The answer is retronym…


Before you think I’ve lost my mind, please notice that the word answer was not capitalized. Retronym is not the Answer. Rather, in some ways it is the question.

But first, let me tell you a bit about a retronym. It is, come to find out, a term that traces its first usage to 1980. You can’t find it in many dictionaries, apparently, and I only know of it through a marketing brochure that came to us as a pitch to subscribe to a copyediting newsletter. Even then, it is not defined, per se, except by context and example. A retronym can be a single word, or more than one word.

What caught my eye, in the article’s examples, was that two of them were Christian in origin, and both are commonly used – Before Christ (BC) and Old Testament. Figured it out yet? How about this one: acoustic guitar. Two more, which often are used in the same sentence: landline and cel phone (or is it cell phone? Have we solved that one yet?).

OK, enough. A retronynm is a term that is coined to distinguish the original from a new version. Hence the need for Old Testament when the New Testament arrived, or acoustic guitar after the invention of the electric guitar.

The article made me think. Is traditional worship a retronym? Actually, given the speed at which stylistic identifiers are being pasted on church gatherings, is contemporary worship a retronym? I’ll go one further, at the risk of being misunderstood: is God-centered worship a retronym?

As Bob Dylan sang long ago, “I can’t think for you, you’ll have to decide…” but I wonder if, in our attempt to be precise about what we in music and worship leadership are supposed to be able to do, we’ve lost track of who we’re supposed to serve. I hear so many stories of arts leadership being frustrated at having to “please the pastor,” or the elders, or the finance committee, or the biggest giver, or the loudest complainer. To be called into the ministry of worship leadership these days seems to be a long hard road to hoe.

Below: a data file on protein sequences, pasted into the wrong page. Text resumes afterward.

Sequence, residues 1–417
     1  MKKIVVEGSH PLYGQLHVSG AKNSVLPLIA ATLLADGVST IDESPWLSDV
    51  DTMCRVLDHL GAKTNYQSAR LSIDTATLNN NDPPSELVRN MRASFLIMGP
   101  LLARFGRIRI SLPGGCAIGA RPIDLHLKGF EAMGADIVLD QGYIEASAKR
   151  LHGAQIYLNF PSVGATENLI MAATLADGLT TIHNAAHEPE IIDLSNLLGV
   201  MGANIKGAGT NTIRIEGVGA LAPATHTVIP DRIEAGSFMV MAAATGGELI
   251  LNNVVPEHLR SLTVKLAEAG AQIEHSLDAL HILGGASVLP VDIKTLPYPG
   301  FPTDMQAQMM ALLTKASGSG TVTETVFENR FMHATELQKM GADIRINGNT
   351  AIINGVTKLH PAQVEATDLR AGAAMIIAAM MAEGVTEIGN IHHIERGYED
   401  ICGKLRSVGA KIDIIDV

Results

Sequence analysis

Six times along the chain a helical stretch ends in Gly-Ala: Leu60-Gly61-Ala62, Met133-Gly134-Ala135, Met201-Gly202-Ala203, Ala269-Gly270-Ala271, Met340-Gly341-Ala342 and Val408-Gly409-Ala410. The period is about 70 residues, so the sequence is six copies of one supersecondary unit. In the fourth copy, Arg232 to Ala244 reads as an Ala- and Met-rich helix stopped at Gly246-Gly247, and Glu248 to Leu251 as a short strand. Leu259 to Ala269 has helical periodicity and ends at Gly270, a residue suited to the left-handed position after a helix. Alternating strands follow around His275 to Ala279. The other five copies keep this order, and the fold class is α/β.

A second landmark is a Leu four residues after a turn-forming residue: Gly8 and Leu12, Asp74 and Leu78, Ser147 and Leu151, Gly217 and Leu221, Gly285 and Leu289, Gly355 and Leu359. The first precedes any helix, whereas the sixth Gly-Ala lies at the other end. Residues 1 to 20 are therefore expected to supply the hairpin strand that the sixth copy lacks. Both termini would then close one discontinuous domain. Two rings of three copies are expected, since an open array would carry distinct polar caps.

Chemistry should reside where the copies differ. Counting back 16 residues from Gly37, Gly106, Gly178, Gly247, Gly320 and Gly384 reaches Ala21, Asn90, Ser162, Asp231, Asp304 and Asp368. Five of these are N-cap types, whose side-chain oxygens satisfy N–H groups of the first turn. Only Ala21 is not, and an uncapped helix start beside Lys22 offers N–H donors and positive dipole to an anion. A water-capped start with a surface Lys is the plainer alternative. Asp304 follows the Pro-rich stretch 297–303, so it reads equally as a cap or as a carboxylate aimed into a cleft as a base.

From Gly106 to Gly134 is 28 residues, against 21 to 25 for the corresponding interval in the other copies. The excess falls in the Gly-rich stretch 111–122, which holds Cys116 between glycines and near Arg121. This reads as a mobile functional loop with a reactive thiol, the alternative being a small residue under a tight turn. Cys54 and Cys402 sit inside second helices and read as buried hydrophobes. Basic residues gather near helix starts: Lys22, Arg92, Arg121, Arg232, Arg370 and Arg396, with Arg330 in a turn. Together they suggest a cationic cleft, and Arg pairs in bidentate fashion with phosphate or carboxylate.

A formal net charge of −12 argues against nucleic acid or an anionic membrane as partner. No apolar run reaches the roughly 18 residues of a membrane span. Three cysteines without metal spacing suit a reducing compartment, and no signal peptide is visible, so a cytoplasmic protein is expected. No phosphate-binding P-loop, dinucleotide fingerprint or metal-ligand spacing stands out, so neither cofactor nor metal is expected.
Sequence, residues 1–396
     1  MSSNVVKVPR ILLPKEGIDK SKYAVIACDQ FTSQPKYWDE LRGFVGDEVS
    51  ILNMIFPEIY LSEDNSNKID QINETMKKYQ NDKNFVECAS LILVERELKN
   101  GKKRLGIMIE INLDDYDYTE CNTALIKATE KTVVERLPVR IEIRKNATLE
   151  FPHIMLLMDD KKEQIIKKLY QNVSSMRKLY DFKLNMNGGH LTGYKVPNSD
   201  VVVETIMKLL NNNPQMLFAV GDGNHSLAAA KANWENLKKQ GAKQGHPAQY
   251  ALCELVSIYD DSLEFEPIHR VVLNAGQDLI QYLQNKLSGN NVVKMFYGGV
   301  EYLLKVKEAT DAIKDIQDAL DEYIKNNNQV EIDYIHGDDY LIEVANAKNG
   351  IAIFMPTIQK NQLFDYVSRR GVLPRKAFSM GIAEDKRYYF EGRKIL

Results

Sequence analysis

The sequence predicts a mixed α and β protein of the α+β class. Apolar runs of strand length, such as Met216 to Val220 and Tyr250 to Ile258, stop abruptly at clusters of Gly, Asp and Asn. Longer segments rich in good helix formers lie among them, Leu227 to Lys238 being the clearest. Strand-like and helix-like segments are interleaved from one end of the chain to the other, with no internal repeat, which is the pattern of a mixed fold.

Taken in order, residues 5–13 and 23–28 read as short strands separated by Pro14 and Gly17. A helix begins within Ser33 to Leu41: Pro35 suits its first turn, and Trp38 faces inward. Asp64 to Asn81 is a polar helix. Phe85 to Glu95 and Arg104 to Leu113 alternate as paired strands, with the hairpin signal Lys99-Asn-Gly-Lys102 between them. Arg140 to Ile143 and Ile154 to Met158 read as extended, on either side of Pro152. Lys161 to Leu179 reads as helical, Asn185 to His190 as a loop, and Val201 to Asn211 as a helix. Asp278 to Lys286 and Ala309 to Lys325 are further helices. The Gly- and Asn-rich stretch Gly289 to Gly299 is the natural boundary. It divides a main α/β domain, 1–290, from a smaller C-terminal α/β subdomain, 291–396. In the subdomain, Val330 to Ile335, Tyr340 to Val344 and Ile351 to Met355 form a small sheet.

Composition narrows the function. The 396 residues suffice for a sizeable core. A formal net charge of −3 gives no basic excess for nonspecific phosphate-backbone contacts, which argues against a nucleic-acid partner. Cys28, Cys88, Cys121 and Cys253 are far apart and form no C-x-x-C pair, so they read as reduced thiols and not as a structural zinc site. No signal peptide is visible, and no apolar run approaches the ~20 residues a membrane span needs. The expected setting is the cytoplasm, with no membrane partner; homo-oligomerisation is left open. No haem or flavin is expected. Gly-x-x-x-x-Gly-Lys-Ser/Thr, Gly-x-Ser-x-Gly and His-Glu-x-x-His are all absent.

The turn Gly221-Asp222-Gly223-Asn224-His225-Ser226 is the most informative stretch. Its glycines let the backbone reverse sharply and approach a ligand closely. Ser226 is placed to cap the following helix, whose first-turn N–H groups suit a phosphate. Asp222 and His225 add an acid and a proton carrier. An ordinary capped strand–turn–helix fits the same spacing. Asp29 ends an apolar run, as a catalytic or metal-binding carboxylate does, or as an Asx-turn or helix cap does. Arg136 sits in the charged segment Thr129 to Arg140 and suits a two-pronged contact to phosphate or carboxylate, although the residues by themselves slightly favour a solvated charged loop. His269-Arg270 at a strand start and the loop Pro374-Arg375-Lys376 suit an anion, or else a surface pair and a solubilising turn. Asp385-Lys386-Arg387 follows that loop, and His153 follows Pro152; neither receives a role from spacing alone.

Is children’s music ministry a retronym? Time will tell, but it seems that many children’s music leaders have begun to integrate other arts into their ministries, so that the question has moved from “Should we use tracks or a live accompanist?” to “Is music the only or the best art to communicate the message of this text?”

We have lost a generation of participating musicians to our churches by abandoning youth choirs in years past. Fortunately youth choirs are in resurgence, but that is due, in part, to the fact that children’s music leadership stayed the course when it might have been easier to just give up. From the standpoint of congregational participation in worship, it is much easier to build from the chronological “bottom” rather than impose from the chronological “top.” Show me a church where the children sing, or participate in worship expression through one or more of the arts – all of the children – and I’ll show you leadership that is doing kingdom building.

In times of economic uncertainty, it is tempting to “cut back,” and children’s ministry is an easy target, because they often have no advocates. If you are in leadership, don’t abandon the children, or their music/arts programs. Your successors, and the churches they serve, will pay for it years into the future. Instead, when it comes to children’s music/arts ministry “pay it forward.” You’ll be planting seeds that will feed them and their children far into the future.

Don’t be a retronym. Don’t let it happen on your watch. The worship life of the church universal is at stake. Adapt. Cast a vision. Be an advocate. “Teach your children well….”